Consumer confidence is taking a battering after January VAT hike
Consumer confidence took its biggest knock for nearly 20 years after the VAT hike earlier this month, leading to warnings that the UK economy could be facing "a very painful period".
There was an "astonishing" eight-point fall in a key measure of consumer confidence to minus 29 between December and January, the biggest monthly drop since the 1992 recession, according to the survey by GfK NOP Social Research.
All the confidence measures recorded by the survey dropped over the past month but the biggest fall was in the score representing consumers' willingness to make major purchases, which slumped 22 points to minus 29.
The index representing people's expectations for their financial situation over the next year slumped to minus 12, which is 16 down on a year ago, while the score for people's expectations for the economy over the next year was at minus 30, compared to minus two a year ago.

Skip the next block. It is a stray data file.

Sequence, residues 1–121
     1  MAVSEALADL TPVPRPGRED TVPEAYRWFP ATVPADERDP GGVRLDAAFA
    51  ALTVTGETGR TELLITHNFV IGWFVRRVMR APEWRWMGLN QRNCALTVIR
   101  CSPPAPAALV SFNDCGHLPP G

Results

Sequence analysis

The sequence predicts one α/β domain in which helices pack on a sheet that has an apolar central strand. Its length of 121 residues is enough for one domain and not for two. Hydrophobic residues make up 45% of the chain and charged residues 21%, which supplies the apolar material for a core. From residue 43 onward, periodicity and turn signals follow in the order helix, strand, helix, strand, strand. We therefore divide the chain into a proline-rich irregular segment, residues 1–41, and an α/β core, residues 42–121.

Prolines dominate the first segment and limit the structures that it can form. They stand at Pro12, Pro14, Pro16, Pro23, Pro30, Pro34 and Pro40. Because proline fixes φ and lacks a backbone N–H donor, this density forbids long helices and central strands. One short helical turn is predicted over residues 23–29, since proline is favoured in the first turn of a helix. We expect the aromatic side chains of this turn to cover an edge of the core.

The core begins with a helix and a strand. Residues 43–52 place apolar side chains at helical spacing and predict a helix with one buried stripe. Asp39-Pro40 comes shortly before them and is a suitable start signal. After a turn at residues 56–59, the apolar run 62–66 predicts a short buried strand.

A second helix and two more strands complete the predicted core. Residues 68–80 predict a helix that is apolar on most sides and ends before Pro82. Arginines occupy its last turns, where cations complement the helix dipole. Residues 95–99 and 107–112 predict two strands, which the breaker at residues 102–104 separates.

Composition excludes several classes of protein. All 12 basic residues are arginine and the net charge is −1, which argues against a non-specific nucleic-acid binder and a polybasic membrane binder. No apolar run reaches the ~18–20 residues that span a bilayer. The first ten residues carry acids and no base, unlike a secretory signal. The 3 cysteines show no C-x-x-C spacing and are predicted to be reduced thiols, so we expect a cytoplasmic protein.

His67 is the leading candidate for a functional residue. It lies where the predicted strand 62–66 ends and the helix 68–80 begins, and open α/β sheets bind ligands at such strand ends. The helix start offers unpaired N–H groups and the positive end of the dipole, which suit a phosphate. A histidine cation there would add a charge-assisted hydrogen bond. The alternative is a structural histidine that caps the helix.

The firm's boss Nick Moon said that with more austerity measures to come and prices still set to rise, talk of a double-dip recession was "unavoidable" after the surprise contraction in the UK economy in the last quarter of 2010. Mr Moon said: "The VAT increase is the first of the Government's austerity measures that has had a widespread impact on consumers, and it seems to have hit people's economic confidence hard, especially as the biggest drop was in consumers' appetite for major purchases.
"With inflation on the up and the full force of the cuts yet to hit, these figures could be the beginning of a very painful period.
"It is only the sixth time in the 35-year history of the survey that there has been such a collapse in confidence," he added.